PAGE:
The Impact Of Micronutrients On Labor Productivity: Evidence From Rural India
Micronutrient malnutrition, particularly of iron, is widespread on the South Asian subcontinent and economic losses due to reduced productivity of afflicted population groups are believed to be substantial. This paper examines the impact of micronutrient intake on productivity of house-hold engaged in agricultural labor in India by applying a two-stage least squares (2SLS) estimation technique. The micronutrient under investigation is iron. The results indicate that productivity, measured in wages is indeed affected through insufficient intake, and that wages would on average be 5 to 17.3 percent higher, if households would achieve recommended intake levels of the micronutrient discussed here. The results demonstrate that policy interventions that aim at enhancing micronutrient intake can be regarded as investments in improved productivity and higher household incomes. Enhancing micronutrient intake will contribute significantly to overall economic growth and development.
|Date of creation:||2003|
|Date of revision:|
|Contact details of provider:|| Web page: http://www.iaae-agecon.org/|
More information through EDIRC
References listed on IDEAS
Please report citation or reference errors to , or , if you are the registered author of the cited work, log in to your RePEc Author Service profile, click on "citations" and make appropriate adjustments.:
- Pitt, Mark M & Rosenzweig, Mark R, 1985. "Health and Nutrient Consumption across and within Farm Households," The Review of Economics and Statistics, MIT Press, vol. 67(2), pages 212-23, May.
- Haddad, Lawrence James & Alderman, Harold & Appleton, Simon & Song, Lina & Yohannes, Yisehac, 2002.
"Reducing child undernutrition,"
137, International Food Policy Research Institute (IFPRI).
- Haddad, L. & Bouis, H.E., 1989.
"The Impact of Nutritional Status on Agricultural Productivity: Wage Evidence from the Philippines,"
97, Warwick - Development Economics Research Centre.
- Haddad, Lawrence J & Bouis, Howarth E, 1991. "The Impact of Nutritional Status on Agricultural Productivity: Wage Evidence from the Philippines," Oxford Bulletin of Economics and Statistics, Department of Economics, University of Oxford, vol. 53(1), pages 45-68, February.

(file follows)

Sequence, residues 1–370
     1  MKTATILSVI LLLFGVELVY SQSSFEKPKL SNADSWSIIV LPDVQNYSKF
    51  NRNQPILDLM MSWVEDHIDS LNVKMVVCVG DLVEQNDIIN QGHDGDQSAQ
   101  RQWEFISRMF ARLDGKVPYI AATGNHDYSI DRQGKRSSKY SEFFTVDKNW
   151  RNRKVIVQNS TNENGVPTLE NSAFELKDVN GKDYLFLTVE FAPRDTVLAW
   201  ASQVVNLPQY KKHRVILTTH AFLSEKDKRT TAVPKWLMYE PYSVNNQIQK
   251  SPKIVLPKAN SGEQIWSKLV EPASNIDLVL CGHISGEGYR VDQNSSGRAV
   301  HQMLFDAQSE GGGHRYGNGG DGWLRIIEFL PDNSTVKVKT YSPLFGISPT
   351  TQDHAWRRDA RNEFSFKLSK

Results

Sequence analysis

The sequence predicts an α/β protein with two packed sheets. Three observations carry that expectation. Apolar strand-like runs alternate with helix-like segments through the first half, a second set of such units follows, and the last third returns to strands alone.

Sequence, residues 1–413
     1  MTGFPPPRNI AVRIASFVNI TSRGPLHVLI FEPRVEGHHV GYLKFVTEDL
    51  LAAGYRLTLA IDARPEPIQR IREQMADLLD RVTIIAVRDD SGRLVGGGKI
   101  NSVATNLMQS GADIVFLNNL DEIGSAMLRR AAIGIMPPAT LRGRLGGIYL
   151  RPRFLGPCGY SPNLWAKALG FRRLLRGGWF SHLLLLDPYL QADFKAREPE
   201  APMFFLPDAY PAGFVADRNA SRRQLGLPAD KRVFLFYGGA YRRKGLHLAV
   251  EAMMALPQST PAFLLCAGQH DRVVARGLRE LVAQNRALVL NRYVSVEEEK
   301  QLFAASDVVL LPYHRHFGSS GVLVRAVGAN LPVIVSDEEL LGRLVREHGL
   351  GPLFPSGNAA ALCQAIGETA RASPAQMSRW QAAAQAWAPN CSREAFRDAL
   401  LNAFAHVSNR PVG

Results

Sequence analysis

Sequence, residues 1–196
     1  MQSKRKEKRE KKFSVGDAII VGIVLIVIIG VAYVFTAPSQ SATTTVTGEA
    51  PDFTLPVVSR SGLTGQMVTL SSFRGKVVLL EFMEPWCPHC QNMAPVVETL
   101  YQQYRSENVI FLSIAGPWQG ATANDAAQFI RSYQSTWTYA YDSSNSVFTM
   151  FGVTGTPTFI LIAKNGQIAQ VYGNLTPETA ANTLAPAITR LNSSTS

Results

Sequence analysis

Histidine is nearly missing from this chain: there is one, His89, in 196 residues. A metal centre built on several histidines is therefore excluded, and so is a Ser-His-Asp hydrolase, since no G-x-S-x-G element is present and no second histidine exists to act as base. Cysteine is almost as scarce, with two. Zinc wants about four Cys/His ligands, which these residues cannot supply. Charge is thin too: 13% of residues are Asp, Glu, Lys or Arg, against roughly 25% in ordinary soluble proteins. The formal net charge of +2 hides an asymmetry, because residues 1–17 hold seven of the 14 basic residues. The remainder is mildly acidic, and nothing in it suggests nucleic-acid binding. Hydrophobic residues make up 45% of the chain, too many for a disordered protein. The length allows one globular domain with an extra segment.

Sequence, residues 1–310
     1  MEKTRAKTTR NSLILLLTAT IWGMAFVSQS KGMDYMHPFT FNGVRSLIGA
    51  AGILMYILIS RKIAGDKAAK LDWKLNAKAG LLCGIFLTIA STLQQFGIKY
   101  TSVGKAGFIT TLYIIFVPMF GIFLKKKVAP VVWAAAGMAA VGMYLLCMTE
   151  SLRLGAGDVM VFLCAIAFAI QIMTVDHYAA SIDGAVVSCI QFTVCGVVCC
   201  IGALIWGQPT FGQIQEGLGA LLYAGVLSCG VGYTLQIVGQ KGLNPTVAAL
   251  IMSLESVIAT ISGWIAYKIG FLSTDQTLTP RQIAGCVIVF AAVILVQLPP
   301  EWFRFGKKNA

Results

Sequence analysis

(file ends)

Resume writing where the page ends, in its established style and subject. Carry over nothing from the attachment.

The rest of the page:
- Immink, Maarten D. C. & Viteri, Fernando E., 1981. "Energy intake and productivity of Guatemalan sugarcane cutters : An empirical test of the efficiency wage hypothesis part II," Journal of Development Economics, Elsevier, vol. 9(2), pages 273-287, October.
- Bardhan, Pranab K, 1979. "Wages and Unemployment in a Poor Agrarian Economy: A Theoretical and Empirical Analysis," Journal of Political Economy, University of Chicago Press, vol. 87(3), pages 479-500, June.
- Deolalikar, Anil B, 1988. "Nutrition and Labor Productivity in Agriculture: Estimates for Rural South India," The Review of Economics and Statistics, MIT Press, vol. 70(3), pages 406-13, August.
- Sahn, David E. & Alderman, Harold, 1988. "The effects of human capital on wages, and the determinants of labor supply in a developing country," Journal of Development Economics, Elsevier, vol. 29(2), pages 157-183, September.
- Levin, Henry M, 1986. "A Benefit-Cost Analysis of Nutritional Programs for Anemia Reduction," World Bank Research Observer, World Bank Group, vol. 1(2), pages 219-45, July.
- Behrman, Jere R., 1993. "The economic rationale for investing in nutrition in developing countries," World Development, Elsevier, vol. 21(11), pages 1749-1771, November.
- Strauss, John, 1986. "Does Better Nutrition Raise Farm Productivity?," Journal of Political Economy, University of Chicago Press, vol. 94(2), pages 297-320, April.
- Behrman, Jere R. & Wolfe, Barbara L., 1984. "More evidence on nutrition demand : Income seems overrated and women's schooling underemphasized," Journal of Development Economics, Elsevier, vol. 14(1), pages 105-128.
When requesting a correction, please mention this item's handle: RePEc:ags:iaae03:25897. See general information about how to correct material in RePEc.
For technical questions regarding this item, or to correct its authors, title, abstract, bibliographic or download information, contact: (AgEcon Search)
If you have authored this item and are not yet registered with RePEc, we encourage you to do it here. This allows to link your profile to this item. It also allows you to accept potential citations to this item that we are uncertain about.
If references are entirely missing, you can add them using this form.
If the full references list an item that is present in RePEc, but the system did not link to it, you can help with this form.
If you know of missing items citing this one, you can help us creating those links by adding the relevant references in the same way as above, for each refering item. If you are a registered author of this item, you may also want to check the "citations" tab in your profile, as there may be some citations waiting for confirmation.
Please note that corrections may take a couple of weeks to filter through the various RePEc services.